Edgar Allan Poe Activities

Activities for Edgar Allan Poe

Edgar Allan Poe activities should awaken students to this memorable author. 

Students enjoy Poe’s stories and American gothic literature.

Teachers enjoy teaching Poe’s stories, and we can meet standards with his work.

Approaches vary: American author, dark romantic author, original author of the horror genre. Today’s students recognize his work from shows such as “Wednesday” (the fun show as a spin on “The Adam’s Family”). Other teachers use his work around spooky autumn or Halloween.

No matter your approach with Edgar Allan Poe activities, you’ll have plenty of choices. Below, find a few ways I teach Poe.

Poe Biography Movie

Since students find Poe’s life intriguing, I spend time giving them background knowledge. Once upon a time, we conducted a web search about questions with his life, but classes watched clips of the move anyway, so I developed a viewing guide to watch the documentary together.

Everyone learn about:

  • Poe’s early life—his biological and adoptive parents.
  • Poe as a young man.
  • His wife and his relationship.
  • How much (very little!) Poe was paid for some of his work.
  • Famous Poe short stories.
  • The controversy surrounding his death.

Different scholars present the information, and students have information to pull into analysis of his stories.

Edgar Allan Poe activities

“The Masque of the Red Death”

Vocabulary is important in Poe’s tale of the plague. Since the terms are largely unfamiliar to students, I use this story to provide student choice and ownership of learning language. Standards (for upper grades) concerning language require that students learn words and use a variety of techniques to acquiring vocabulary. To this extent, I give students vocabulary bookmarks to discover what approach will help them learn words.

Additionally, similar to vocabulary, students must read a tough story! I provide guiding questions for students to answer as they read a difficult text. Some students might annotate—and annotate sufficiently!—but with this difficult text and the massive details, guided questions help. Another option is to conduct a close reading as a whole group.

“The Cask of Amontillado”

Students find this story disturbing on many levels. What is Montressor angry about? Why does this man assume he can manipulate a person who probably did nothing? What is Poe saying about human interaction? Since students find this story unusual and baffling, I find it the perfect time to work on literary analysis.

To start, I read the introduction, the first few paragraphs, aloud. The story is confusing. Why? Well, Poe write with ambiguous pronouns. So, we have an opportunity to connect language to literature. The effect of confusing pronoun use leads to suspense and a specific mood.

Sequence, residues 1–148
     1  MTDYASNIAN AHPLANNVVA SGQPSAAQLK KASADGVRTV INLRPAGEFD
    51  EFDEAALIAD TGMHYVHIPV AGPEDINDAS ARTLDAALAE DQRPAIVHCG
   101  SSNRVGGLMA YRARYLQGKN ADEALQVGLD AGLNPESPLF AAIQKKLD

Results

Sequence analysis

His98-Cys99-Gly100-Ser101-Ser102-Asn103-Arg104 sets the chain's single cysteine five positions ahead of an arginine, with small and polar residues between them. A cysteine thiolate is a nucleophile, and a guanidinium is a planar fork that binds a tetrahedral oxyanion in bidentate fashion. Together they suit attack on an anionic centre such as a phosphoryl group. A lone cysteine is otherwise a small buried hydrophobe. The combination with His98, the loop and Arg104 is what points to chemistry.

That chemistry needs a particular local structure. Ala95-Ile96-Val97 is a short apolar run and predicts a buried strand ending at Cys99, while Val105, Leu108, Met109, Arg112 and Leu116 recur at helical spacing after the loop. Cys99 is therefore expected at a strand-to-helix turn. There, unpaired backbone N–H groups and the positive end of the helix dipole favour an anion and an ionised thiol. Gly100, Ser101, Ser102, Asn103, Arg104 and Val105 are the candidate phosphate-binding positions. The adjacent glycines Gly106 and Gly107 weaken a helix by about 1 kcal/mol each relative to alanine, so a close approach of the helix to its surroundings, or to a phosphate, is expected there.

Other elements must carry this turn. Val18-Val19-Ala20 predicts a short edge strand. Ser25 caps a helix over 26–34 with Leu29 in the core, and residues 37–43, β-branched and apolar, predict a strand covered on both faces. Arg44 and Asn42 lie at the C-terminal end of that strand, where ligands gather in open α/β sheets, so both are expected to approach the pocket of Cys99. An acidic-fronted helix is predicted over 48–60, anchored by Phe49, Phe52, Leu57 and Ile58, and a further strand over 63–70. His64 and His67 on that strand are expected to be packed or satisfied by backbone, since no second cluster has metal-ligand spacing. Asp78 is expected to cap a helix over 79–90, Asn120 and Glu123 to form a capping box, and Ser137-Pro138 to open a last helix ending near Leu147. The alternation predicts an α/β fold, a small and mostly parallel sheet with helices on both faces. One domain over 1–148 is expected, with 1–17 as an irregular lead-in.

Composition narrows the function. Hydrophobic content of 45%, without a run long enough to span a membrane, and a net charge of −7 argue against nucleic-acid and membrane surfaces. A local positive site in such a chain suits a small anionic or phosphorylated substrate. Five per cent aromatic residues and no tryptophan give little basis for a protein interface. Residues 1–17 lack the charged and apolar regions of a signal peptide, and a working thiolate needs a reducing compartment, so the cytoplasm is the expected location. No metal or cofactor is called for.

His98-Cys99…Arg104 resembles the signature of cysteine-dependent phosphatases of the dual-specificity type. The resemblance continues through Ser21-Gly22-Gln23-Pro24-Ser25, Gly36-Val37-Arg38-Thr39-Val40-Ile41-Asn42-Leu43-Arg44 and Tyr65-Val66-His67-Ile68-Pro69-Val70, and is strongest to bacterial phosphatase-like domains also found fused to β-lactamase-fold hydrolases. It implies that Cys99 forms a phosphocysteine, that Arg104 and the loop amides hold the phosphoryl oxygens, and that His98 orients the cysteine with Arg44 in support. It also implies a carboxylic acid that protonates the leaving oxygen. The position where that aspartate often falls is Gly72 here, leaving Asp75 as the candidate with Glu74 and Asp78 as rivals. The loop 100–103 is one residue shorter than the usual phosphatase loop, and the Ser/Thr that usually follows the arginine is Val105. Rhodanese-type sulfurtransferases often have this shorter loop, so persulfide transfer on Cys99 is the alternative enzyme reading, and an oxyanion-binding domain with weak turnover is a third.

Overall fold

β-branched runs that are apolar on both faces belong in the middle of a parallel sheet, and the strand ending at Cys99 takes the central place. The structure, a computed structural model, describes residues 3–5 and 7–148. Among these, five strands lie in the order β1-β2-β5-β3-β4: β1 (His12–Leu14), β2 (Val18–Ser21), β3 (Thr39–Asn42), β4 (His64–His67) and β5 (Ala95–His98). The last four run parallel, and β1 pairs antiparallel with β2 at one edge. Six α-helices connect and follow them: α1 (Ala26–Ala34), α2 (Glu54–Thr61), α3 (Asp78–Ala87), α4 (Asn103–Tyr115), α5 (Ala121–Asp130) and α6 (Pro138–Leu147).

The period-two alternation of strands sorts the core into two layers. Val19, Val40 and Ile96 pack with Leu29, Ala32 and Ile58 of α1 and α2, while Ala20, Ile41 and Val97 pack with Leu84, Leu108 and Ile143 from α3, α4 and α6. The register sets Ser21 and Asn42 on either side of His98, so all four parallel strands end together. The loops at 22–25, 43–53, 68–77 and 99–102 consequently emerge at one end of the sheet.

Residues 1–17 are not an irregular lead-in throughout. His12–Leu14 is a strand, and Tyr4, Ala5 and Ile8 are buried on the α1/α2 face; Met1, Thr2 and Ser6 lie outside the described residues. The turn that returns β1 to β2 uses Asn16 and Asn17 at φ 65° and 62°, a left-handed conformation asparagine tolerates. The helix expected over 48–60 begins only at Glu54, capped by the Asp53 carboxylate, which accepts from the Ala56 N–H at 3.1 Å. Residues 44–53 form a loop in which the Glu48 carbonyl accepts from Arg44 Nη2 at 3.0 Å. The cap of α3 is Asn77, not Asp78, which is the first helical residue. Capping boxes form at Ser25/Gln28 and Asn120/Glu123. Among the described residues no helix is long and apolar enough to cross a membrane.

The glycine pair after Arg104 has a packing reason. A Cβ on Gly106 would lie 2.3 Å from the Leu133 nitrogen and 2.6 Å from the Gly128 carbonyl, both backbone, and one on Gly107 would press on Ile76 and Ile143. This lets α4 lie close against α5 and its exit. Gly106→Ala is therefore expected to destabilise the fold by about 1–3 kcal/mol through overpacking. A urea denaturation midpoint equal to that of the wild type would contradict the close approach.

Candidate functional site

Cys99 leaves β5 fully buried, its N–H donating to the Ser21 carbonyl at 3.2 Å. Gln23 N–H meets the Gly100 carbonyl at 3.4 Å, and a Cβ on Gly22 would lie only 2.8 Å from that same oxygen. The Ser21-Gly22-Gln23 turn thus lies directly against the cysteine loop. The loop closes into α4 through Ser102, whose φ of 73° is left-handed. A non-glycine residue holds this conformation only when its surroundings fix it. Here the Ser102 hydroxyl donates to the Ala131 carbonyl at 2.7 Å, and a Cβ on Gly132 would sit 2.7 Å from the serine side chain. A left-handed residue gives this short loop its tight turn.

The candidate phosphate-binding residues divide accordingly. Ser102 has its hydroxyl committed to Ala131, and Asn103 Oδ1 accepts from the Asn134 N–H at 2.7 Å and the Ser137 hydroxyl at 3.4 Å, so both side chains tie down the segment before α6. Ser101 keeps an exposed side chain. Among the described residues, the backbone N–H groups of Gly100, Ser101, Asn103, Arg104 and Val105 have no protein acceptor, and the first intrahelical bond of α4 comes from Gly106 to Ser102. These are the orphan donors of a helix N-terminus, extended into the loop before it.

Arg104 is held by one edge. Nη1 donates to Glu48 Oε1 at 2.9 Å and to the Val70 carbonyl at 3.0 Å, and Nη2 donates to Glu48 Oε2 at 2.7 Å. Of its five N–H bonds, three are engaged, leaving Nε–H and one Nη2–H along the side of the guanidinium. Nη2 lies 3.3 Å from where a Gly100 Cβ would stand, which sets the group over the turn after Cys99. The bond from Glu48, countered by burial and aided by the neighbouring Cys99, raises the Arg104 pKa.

Any time we can connect grammar to an author’s writing style, we’ll see growth in our ELA classrooms.

Grammar with “The Raven”

“The Raven” is a haunting poem that has repetition, internal rhyme, and alliteration—perfect for teaching. Plus, students often understand and enjoy the poem, making it a win-win. Poetry activities, therefore, are a must.

When I taught younger students, I frequently taught “The Raven” in October. One fall, I realized that my teaching aligned with my teaching of verbal phrases, and I created a new activity.

In my activity, everyone look at language in context. Not only do they identify verbals (tons of verbals in this poem!), but they also consider the implications. What makes this poem memorable and effective? Do the verbals contribute?

My spin on grammar—that grammar can be taught in context—is a fun addition to a study of verbals.

“The Tell-Tale Heart”

To me, the suspense in “The Tell-Tale Heart” never becomes less-eerie. I read this story when I was (probably) way too young (before middle school) and remember my questions, my initial reactions, and my horror.

Common Lit has great activities for this story, and I utilize their writing prompts when I teach “The Tell-Tale Heart.”

Teaching Edgar Allan Poe

Final Ideas: Edgar Allan Poe Activities

The debate between classical and modern literature bothers some ELA teachers. Pairing a few American masters (like Poe) with some recent stories makes for happy teaching.

“Click- lack the Rattle Bag” works well with “The Black Cat.” Excerpts from young adult literature are another great way to pair modern with classic stories.

Edgar Allan Poe activities are abundant, and students appreciate his odd tales. As English teachers, Poe’s work allows us to meet standards and entertain our readers.

You can check out my Edgar Allan Poe activity bundle for more ideas.

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Do you need more ideas for teaching class literature? Check out my posts on Animal Farm, Julius Caesar, and Romeo and Juliet.